- The definition of only is alone or by itself.
An example of only used as an adjective is in the phrase "the only house left standing," which means the house is by itself.
- Only is defined as no other or nothing more.
An example of only used as an adverb is in the phrase "only walking," which means doing nothing other than walking.
- Only means but or except that.
An example of only used as a conjunction is in the sentence "I would have eaten that hamburger, only it was undercooked," which means "I would have eaten that hamburger, but it was undercooked."
This appears to be the only house left standing.
- alone of its or their kind; by itself or by themselves; sole
- having no siblings: an only child
- alone in its or their superiority; best; finest
Origin of onlyMiddle English ; from Old English anlic ; from an, one + -lic, -ly
- and no other; and no (or nothing) more; solely; exclusively: drink water only
- merely; simply
- (but) in what follows or in the end: to meet one crisis, only to face another
- as recently as: elected only last fall
- a. Alone in kind or class; sole: That's the only pen I have.b. Having no siblings: an only child.
- Most suitable of all; superior or excellent: This is the only way to cook a good steak.
- Without anyone or anything else; alone: We have only two sandwiches left.
- a. At the very least: If you would only come home. The story was only too true.b. And nothing else or more; merely; just: I was only following orders.
- Exclusively; solely: facts known only to us.
- a. In the last analysis or final outcome; inevitably: actions that will only make things worse.b. With the negative or unfortunate result: received a raise only to be laid off.
- a. As recently as: called me only last month.b. In the immediate past: only just saw them.
- Were it not that; except that: We would have reached the summit, only the weather got bad.
- a. With the restriction that; but: You may go, only be careful.b. However; and yet: The merchandise is well made, only we can't use it.
Origin of onlyMiddle English, from Old English ānlīc : ān, one; see one + -līc, having the form of; see –ly1. Usage Note: The adverb only is notorious for its ability to change the meaning of a sentence depending on its placement. Consider the difference in meaning in the following examples: Dictators respect only force; they are not moved by words. Dictators only respect force; they do not worship it. She picked up the phone only when he entered, not before. She only picked up the phone when he entered; she didn't dial the number. The surest way to prevent readers from misinterpreting only is to place it next to the word or words it modifies. Many usage sticklers view this policy as a rule that should always be followed, but in many cases it sounds more natural for only to come earlier in the sentence, and if the preceding context is sufficiently clear, there is scant likelihood of being misunderstood. Thus, the rule requires We can come to an agreement only if everyone is willing to compromise. But it may sound more natural, with slightly different emphasis and with no risk of misunderstanding, to say We can only come to an agreement if everyone is willing to compromise. • The expression one of the only is sometimes called out for being illogical, as only implies singularity but the noun following it is plural in this construction. The Usage Panel is mixed on the subject. In our 2008 survey, 48 percent accepted the sentence He is one of the only hard-working people left around here. Many panelists may object to the use of the word as an adjective to mean “few” instead of “one” (as in That's the only pen I have left). The expression the only two found more favor, despite its apparent illogic, with 62 percent accepting She is one of the only two writers I can relate to. This is probably because of similarity to the adverbial use of only with two, which is well established and familiar (There are only two seats left). See Usage Note at not.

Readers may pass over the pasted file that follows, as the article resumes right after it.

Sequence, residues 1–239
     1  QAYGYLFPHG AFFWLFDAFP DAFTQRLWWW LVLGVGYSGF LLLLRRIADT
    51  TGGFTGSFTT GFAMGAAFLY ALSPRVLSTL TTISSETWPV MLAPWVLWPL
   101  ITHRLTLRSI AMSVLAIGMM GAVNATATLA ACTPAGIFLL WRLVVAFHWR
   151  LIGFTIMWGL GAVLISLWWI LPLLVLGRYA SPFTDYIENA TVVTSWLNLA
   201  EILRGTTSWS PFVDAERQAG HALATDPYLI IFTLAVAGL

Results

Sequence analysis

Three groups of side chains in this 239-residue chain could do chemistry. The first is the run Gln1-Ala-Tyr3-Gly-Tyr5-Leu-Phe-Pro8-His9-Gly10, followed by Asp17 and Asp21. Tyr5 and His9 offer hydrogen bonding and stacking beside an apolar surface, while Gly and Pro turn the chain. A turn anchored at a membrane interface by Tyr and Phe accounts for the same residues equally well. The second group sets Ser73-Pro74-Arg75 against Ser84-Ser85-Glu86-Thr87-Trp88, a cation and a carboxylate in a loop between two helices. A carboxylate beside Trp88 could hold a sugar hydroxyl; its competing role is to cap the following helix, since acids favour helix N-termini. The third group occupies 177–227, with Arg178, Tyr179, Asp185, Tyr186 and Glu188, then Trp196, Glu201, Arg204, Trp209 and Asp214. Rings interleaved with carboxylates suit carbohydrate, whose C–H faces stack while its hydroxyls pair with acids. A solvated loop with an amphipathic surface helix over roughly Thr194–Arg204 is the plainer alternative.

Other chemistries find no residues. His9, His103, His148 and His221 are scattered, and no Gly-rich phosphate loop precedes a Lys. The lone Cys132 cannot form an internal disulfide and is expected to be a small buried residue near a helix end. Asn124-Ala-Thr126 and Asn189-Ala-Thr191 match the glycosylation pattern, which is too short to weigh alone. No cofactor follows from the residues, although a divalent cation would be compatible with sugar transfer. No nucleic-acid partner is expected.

- Alone in a category.
- He is the only doctor for miles.
- The only people in the stadium were the fans: no players, coaches, or officials.
- Only the cat sat on the mat. The dog never did.
- The only cat sat on the only mat.
- Singularly superior; the best.
- He is the only trombonist to recruit.
- Without sibling; without a sibling of the same gender.
- He is their only son, in fact, an only child.
- if only
- (rare) only child